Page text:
How much Sunderland are losing with no fans, the big advantage over League One clubs and where Kyril Louis-Dreyfus can invest his money
The financial impacts of a global pandemic continue to pose financial challenges for EFL clubs – yet the arrival of new owner Kyril Louis-Dreyfus and elimination of the League One salary cap will give Sunderland a significant advantage over their third-tier rivals.
Of course the Black Cats will be hoping to win promotion back to the Championship this campaign, where they would have to abide by Financial Fair Play regulations.
But with second-tier clubs able to record losses of £39million over a three-year period, that should still allow Louis-Dreyfus, who reportedly has a trust fund in excess of $2billion, to invest in the Black Cats’ playing squad.
Sunderland’s most recent accounts from the 2018/19 season show the club made a turnover of £58,7million, even if they lost around £11.2million due to expenditures - which included a significant wage bill at League One level.
The Covid-19 pandemic will cause further reductions to clubs’ revenue streams, with matchday income causing the biggest reduction.
"The main impact from the pandemic on football clubs has been matchday attendance,” says sport finance expert Dan Plumley from Sheffield Hallam University.
"If you look at Sunderland’s gate receipts from the 2019 figures which are the most recent accounts, gate receipts were around £8million, £6.5million the year before that.
"Not all of that would be lost because there have still been some season ticket sales to keep the money in the club.
"The impact of that is felt more broadly as you go down through the football system because the clubs lower down are more reliant on matchday trade.”
"I know Sunderland have had parachute payments so that will have helped."
Those parachute payments which Plumley is referring to last three years following Premier League relegation and expired for the Black Cats last summer.
That has helped soften the blow of back-to-back relegations, but the full impacts of it’s expiry won’t be fully known until the 2020/21 accounts are released next year.
"They will only have finished last summer,” adds Plumley. “They reduce in value so the three-year cycle of parachute payments is around £92million over three seasons.
"You get around £42million of that in year one, around £34million in year two and around £16million in year three.”
And while playing games behind closed doors has caused the biggest loss of income during the pandemic, there are other areas which will impact the Black Cats’ finances.
"It’s mainly the attendance figures,” adds Plumley when asked about football clubs’ other revenue streams.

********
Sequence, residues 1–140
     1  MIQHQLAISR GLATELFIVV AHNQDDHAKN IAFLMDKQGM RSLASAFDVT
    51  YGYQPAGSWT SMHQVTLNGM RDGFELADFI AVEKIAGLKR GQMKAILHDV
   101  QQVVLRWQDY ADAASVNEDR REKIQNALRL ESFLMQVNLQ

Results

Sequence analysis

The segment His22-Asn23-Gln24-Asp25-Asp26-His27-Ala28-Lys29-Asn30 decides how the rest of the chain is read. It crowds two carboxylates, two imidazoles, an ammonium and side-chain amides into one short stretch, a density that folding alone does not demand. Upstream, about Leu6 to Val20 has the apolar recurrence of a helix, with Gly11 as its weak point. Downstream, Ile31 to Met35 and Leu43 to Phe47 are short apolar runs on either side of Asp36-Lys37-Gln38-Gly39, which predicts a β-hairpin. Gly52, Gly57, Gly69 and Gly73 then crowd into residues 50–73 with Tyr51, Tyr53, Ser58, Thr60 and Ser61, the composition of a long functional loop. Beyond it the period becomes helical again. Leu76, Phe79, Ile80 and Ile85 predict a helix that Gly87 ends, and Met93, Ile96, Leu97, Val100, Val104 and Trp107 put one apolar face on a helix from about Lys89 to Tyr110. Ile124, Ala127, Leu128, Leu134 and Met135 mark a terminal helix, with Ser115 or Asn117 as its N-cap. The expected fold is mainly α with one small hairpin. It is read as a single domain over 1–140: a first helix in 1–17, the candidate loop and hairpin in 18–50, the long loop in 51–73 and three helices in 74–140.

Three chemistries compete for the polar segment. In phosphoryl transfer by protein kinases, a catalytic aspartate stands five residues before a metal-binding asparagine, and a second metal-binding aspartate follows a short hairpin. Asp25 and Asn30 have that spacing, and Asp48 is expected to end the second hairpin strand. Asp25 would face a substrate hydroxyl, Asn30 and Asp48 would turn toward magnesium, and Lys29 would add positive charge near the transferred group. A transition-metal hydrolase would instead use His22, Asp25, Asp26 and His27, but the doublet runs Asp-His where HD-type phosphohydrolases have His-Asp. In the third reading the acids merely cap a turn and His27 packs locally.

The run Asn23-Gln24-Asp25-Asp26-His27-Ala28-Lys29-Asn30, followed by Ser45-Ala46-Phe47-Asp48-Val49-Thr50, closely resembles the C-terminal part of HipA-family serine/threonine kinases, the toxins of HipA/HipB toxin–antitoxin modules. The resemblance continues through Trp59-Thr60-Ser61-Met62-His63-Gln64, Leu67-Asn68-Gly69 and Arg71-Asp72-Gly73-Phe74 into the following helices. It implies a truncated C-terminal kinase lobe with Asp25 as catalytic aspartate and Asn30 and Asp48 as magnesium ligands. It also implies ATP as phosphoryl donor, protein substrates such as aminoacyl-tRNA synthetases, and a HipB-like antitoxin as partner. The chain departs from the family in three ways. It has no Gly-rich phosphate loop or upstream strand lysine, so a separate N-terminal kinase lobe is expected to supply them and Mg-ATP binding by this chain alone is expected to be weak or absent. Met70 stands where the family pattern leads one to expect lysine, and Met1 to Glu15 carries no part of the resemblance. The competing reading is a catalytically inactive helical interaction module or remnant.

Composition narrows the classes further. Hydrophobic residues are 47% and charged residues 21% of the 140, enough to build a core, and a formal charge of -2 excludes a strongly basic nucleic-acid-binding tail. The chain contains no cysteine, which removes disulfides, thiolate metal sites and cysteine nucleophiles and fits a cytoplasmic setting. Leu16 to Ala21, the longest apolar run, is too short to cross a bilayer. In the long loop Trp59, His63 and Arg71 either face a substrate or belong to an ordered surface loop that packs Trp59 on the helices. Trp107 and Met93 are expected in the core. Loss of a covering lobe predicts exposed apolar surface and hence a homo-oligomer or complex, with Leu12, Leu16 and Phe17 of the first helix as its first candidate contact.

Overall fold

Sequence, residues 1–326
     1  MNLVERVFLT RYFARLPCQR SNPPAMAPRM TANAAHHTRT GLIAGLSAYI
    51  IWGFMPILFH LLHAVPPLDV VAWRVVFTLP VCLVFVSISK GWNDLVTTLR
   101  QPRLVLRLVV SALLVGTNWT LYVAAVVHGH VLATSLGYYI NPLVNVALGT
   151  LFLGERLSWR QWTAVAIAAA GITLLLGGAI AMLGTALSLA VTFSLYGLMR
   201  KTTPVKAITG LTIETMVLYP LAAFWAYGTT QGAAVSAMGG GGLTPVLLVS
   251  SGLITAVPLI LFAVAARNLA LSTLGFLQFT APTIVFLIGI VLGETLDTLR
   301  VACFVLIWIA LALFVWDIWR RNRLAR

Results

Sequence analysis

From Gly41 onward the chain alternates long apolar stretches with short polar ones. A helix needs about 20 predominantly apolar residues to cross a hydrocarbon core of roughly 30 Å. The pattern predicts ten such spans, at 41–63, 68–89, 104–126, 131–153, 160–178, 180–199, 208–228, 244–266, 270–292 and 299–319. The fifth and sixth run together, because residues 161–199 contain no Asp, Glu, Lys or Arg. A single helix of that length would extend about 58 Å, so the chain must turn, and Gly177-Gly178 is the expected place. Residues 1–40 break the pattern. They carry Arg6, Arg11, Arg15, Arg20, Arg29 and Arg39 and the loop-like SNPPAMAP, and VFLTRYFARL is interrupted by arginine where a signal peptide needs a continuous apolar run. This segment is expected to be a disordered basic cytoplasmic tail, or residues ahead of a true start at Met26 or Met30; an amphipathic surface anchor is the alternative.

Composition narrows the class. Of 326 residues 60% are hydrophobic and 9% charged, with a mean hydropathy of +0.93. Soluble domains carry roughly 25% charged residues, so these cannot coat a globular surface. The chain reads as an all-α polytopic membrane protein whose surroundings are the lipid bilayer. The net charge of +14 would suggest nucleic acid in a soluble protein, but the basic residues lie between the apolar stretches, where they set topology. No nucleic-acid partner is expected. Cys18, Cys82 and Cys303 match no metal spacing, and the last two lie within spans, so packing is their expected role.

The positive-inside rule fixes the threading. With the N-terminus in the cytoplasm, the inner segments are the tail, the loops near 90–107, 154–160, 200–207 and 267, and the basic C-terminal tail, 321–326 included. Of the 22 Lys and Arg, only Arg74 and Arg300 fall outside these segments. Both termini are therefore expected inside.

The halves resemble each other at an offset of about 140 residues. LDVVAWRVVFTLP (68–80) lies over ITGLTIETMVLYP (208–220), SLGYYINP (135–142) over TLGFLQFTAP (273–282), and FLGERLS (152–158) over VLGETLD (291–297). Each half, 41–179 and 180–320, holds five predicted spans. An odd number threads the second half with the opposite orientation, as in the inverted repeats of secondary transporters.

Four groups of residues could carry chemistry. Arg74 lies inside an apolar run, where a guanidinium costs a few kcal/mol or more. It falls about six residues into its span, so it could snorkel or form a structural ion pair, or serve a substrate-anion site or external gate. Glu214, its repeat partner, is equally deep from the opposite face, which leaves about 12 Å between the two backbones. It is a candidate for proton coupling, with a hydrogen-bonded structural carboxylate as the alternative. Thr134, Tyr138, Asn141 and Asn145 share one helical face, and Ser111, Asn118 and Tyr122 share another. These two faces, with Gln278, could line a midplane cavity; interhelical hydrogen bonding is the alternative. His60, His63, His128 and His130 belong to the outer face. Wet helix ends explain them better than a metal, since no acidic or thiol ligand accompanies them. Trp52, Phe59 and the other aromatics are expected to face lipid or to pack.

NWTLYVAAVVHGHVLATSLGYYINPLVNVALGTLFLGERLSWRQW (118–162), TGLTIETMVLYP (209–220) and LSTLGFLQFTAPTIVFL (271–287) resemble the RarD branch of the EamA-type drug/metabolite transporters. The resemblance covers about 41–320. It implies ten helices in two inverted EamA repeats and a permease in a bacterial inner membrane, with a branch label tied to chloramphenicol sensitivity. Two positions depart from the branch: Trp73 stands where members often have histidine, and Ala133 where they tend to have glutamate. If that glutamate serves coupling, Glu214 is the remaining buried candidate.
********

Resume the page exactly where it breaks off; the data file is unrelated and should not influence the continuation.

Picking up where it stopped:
“You look at the other ways a football club makes its money, you’ve got the television and broadcasting money which won’t be as big in League One. Sunderland have had a bit of a cushion there because of the parachute payments.
“The other way a club gets its money is through commercial operations, through sponsorship and associated partners.
“It’s hard to judge the impact of that yet because we don’t know the ins and outs of deals and how they’ve been affected by the pandemic but you would imagine some of the sponsorship deals have been affected.
"We would expect to see a bit of a drop off in commercial revenue but the biggest factor is still matchday income.”
If Sunderland do remain in League One next season, they will at least be able to operate without the restrictions of a salary cap, which was voted for by clubs in August.
The new regulations, which were subsequently scrapped in February, would have restricted third-tier clubs to a wage limit of £2.5million, with a transition period for clubs to reduce their costs.
"It wasn’t surprising to see Sunderland on the list of clubs who were against the salary cap,” adds Plumley.
"That plays out in the figures and looking at the accounts from 2019 the wage bill was 26.6million.
"I know Sunderland have reduced that considerably since the Premier League and Championship seasons but if you look at that against what a salary cap would do to a club like Sunderland, it would have been really restrictive in League One.
"If you look at League One clubs as a whole, the average revenue of League One clubs over the last two to three years has been hovering around the £6million mark.
“If you remove a club like Sunderland from that and some of the bigger clubs from that mix, some of these clubs are turning over £3-4million, and Sunderland have been around the £50million mark for the last couple of years.
"You will have clubs in that league with wage bills no higher than £1million to £2million. Of course it’s a big advantage and that’s due to the size of the club and where they’ve come from."
Louis-Dreyfus’ arrival should give the Black Cats more spending power, whatever division they find themselves in next season.
But with the transfer window not set to reopen until June – where else can the new owner invest his money?
"Infrastructure and recruitment seems to be the two areas that are being most talked about at the minute,” says Plumley.
"That also has implications for the playing squad. If you look at investing in the development and academy as he said, I think it was £500,000 he said he was making available for that in the short term.
“That is all driven from the recruitment side of things with the new Sporting Director (Kristjaan Speakman) and the data analysis and scientific analysis of recruiting players which we have seen clubs go down in the past. Brentford is always the model that people talk about.
“I imagine those are the key areas to invest in alongside some infrastructure, and that has a wider aspect of getting better on the pitch.
"If you can recruit better players in a more smart way you can perhaps save some money in the transfer market in the long run.”